Splash is the latest film to get an uninspiring gender swap – and for some reason, feminists are supposed to be happy about it

Many people have been celebrating the gender swap as some kind of feminist victory… but why? Because of the casting of a white, straight cis male in a role that was originally held by a woman? Hooray! Raise the roof. Hollywood, give yourself a slap on the back for this giant step for women-kind

Roisin O'Connor@Roisin_OConnor
Tuesday 02 August 2016 11:33
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Channing Tatum is best known for his roles in comedy and action movies
Channing Tatum is best known for his roles in comedy and action movies

This article contains spoilers for the movie Splash

Apparently Hollywood has never heard of the term “If it ain't broke, don't fix it'.

Or if it has, it's promptly printed it out, framed it, taken a hammer and smashed it to pieces.

The announcement that Splash – the Eighties film starring Tom Hanks and Daryl Hannah – is set for a reboot with Channing Tatum starring as the now-merman has been met with considerable excitement.

For those who have yet to see the film, Splash is about a man, Allen Bauer (Hanks) who falls in love with the mermaid (Daryl Hannah) who rescued him when he was a boy. Their relationship is hampered somewhat by the fact that the mermaid (who later names herself Madison) has to return to the sea after just a few short days, and also by the deranged scientist determined to prove that merpeople are real by throwing buckets of water at her.

It’s got just about every great cliché you could want in an Eighties movie: the cheesy soundtrack, brilliant costumes, slow motion shots, slapstick comedy and a wonderful turn from the late John Candy as Allen’s sleazy older brother.

One of the things I love most about Splash is that Allen is predominantly the one who needs rescuing. Sure, Madison is a bit shaky when she first steps onto dry land, but then she learns English in what… eight hours? Meanwhile Allen has enough trouble stringing a single sentence together, not to mention the fact that he starts drowning the moment he dips his toe in the water. And at the end, he sacrifices the life he knows to be with her, not the other way round.

Since the announcement, many people have been celebrating the gender swap on social media – particularly Tatum’s casting as a merman – as some kind of feminist victory… but why? Because of the casting of a white, straight cis male in a role that was originally held by a woman? Hooray! Raise the roof. Hollywood, give yourself a slap on the back for this giant step for women-kind. Just how much are you paying Jillian Bell (set to play the character formerly played by Hanks) compared to Channing Tatum again?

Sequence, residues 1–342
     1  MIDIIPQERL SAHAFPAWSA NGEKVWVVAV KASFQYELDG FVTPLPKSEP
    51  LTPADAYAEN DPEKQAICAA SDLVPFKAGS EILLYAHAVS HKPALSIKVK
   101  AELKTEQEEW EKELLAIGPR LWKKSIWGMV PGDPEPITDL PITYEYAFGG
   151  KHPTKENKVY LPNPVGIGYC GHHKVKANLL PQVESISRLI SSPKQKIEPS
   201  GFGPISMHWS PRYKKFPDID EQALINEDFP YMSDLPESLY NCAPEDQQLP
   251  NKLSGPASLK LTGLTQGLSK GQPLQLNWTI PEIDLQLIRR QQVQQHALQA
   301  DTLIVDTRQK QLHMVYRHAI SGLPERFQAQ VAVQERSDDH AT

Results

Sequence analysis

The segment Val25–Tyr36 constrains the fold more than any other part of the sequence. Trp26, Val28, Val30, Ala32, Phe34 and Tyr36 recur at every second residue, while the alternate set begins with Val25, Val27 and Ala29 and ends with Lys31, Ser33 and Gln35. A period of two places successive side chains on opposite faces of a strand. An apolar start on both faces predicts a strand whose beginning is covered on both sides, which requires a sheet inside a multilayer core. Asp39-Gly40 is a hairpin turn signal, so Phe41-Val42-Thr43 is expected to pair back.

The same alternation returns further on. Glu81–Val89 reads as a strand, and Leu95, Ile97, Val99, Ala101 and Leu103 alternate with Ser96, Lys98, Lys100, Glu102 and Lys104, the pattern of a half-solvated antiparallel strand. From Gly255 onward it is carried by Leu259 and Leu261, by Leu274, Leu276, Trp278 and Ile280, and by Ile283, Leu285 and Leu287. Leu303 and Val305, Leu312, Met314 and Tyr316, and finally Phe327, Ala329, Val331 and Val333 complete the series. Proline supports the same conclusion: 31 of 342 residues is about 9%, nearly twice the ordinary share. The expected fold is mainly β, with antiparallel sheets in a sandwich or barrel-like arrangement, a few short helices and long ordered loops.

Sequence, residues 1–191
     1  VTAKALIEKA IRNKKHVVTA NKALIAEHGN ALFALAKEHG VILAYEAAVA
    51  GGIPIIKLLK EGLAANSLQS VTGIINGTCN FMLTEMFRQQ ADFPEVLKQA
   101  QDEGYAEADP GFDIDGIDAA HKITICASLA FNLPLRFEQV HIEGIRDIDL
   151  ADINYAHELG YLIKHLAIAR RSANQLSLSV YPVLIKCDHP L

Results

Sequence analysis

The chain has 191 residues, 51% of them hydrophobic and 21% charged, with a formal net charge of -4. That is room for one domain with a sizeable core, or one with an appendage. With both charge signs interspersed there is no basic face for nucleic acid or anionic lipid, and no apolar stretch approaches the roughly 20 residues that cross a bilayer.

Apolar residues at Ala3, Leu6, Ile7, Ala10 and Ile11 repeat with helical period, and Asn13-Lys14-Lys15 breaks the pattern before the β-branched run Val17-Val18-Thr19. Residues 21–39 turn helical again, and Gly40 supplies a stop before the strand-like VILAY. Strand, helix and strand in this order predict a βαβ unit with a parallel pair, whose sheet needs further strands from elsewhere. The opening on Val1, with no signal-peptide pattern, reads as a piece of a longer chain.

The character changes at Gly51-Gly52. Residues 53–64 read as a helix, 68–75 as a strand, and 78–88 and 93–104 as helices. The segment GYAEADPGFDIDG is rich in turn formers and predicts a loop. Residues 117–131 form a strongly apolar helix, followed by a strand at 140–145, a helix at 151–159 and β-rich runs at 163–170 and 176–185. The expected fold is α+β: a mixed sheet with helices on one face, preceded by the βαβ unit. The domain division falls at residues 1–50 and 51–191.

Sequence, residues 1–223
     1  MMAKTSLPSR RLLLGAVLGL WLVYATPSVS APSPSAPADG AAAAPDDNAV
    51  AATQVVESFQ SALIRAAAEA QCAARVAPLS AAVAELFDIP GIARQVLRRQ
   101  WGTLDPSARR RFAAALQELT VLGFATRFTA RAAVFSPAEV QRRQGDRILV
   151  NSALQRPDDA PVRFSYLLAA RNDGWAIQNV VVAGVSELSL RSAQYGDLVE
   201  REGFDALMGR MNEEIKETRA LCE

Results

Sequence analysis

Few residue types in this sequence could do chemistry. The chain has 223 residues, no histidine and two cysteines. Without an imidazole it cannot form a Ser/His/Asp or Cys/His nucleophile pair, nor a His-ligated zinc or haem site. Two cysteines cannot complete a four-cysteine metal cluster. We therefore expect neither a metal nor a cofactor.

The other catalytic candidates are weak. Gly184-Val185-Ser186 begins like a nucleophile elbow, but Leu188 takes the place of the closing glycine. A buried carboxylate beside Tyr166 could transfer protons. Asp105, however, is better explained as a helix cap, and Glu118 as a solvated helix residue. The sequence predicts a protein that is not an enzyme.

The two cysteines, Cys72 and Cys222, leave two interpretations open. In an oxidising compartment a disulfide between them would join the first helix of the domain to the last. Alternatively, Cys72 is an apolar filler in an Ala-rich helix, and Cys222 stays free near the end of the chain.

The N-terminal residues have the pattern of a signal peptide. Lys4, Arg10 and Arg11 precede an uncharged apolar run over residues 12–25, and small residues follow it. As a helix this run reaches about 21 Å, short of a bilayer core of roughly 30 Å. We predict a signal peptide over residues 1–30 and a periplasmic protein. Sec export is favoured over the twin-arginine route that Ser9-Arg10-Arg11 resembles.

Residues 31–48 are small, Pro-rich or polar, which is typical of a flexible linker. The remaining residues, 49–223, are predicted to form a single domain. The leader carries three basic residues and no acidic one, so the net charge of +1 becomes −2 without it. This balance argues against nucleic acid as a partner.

Gender swapping is fast becoming a fail-safe way for Hollywood to shut up anyone who kicks off about equality without actually having to write anything new: Cinderella, Beauty and the Beast, Sleeping Beauty, 101 Dalmatians, Ghostbusters… all these films have either been made or are in the works and all of them have some kind of “feminist twist”. That’s some bizarre way to make up for your past discrepancies in gender inequality.

Here's a radical idea. How about the film industry creates some brand new roles? An original story?

Zootopia recently smashed a bunch of box office records with a diverse voice cast and themes of prejudice and stereotypes. Ditto Bridesmaids, the comedy written by Annie Mumulo and Kristin Wiig: critically acclaimed and a massive financial hit.

Yet reboots are happening to the point where there surely must be an official title for the poor sod who has to trawl through Disney’s back catalogue searching for something that hasn’t been dusted off at least once.

And more and more, the idea seems to be that if the studio can somehow convince people that this time round it’s better it has a “strong female character” as the lead, then it can forget the fact that originality is dying a slow, painful death right there on the silver screen.

Gender swaps might be a temporary fix for Hollywood’s chronic lack of ideas, but audiences are getting restless: the general response to a new reboot announcement is often: “Oh God, not another one” as opposed to, “Yes! They’re remaking my favourite childhood film even though there wasn’t really anything wrong with the original!”

It’s about as predictable - and boring - as “and they lived happily ever after”.

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